James Barth and Ross Levine
At least that's the story that's been fed to the American people.
But economists and regulatory experts James Barth and Ross Levine are here to debunk that version of events. In a provocative new book, they argue that the financial meltdown was no accident. It was negligent homicide.
In "Guardians of Finance" (written with Williams College economist Gerard Caprio), Barth and Levine show that senior regulatory officials around the world knew (or should have known) that their policies were destabilizing the global financial system. They had years to process the evidence that risks were rising and the authority to change their policies - but they chose not to act until it was too late.
Barth and Levine maintain that the current system is simply not designed to work on behalf of average citizens. It is virtually impossible for the public and its elected officials to make an informed and impartial assessment of financial regulation and to hold regulators accountable.
But there's a potential solution at hand: the establishment of a "Sentinel" empowered to demand information and evaluate it in terms of the public interest - rather than that of the financial industry, the regulators or politicians.
- Nouriel Roubini, Co-Founder and Chairman, Roubini Global Economics
James Barth is the Senior Finance Fellow at the Milken Institute and the Lowder Eminent Scholar in Finance at Auburn University. His research focuses on financial institutions and capital markets, with an emphasis on regulatory issues. Barth was previously chief economist of the Federal Home Loan Bank Board and later of the Office of Thrift Supervision. He has been a professor at George Washington University and associate director of the economics program at the National Science Foundation. Barth is the author of multiple books, including "The Rise and Fall of the U.S. Mortgage and Credit Markets." He holds a Ph.D. from Ohio State University.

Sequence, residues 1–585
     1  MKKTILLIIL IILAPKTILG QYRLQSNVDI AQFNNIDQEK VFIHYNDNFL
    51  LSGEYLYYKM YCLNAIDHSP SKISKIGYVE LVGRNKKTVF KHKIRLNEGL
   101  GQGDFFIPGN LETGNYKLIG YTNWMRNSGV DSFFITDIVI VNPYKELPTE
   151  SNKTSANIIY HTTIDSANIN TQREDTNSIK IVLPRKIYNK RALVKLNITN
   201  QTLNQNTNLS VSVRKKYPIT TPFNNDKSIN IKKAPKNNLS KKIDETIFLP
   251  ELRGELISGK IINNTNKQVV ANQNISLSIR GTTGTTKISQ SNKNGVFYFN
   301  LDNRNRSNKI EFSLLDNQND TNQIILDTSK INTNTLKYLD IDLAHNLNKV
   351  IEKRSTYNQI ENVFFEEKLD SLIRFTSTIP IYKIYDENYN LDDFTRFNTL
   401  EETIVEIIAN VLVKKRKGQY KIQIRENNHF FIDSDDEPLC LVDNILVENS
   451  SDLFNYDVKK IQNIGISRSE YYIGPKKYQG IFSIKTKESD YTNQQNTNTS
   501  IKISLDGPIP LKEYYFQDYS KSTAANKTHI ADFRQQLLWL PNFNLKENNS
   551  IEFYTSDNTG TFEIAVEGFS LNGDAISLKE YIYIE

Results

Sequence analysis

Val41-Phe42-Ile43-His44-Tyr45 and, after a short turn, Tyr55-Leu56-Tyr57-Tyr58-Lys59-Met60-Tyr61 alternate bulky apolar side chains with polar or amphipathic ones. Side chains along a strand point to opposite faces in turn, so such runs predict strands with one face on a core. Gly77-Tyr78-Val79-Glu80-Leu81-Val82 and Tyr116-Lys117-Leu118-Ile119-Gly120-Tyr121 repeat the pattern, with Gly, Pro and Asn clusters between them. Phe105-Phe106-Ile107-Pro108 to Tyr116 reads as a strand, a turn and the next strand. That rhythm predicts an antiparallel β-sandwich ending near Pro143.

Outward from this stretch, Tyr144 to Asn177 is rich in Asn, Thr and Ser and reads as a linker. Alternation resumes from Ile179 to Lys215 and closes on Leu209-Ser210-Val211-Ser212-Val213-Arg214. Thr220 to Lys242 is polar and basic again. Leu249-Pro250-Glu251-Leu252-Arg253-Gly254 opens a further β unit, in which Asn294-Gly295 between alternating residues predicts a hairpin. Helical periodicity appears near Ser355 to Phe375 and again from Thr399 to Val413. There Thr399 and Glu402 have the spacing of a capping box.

Ross Levine is the James and Merryl Tisch Professor of Economics at Brown University, Director of the William R. Rhodes Center for International Economics and Finance, a Research Associate at the National Bureau of Economic Research, and a member of the Council on Foreign Relations. His work focuses on the links between financial sector policies, the operation of financial systems, economic growth, and income distribution. Levine has written several books and published over 100 articles, including papers in leading finance and economics journals.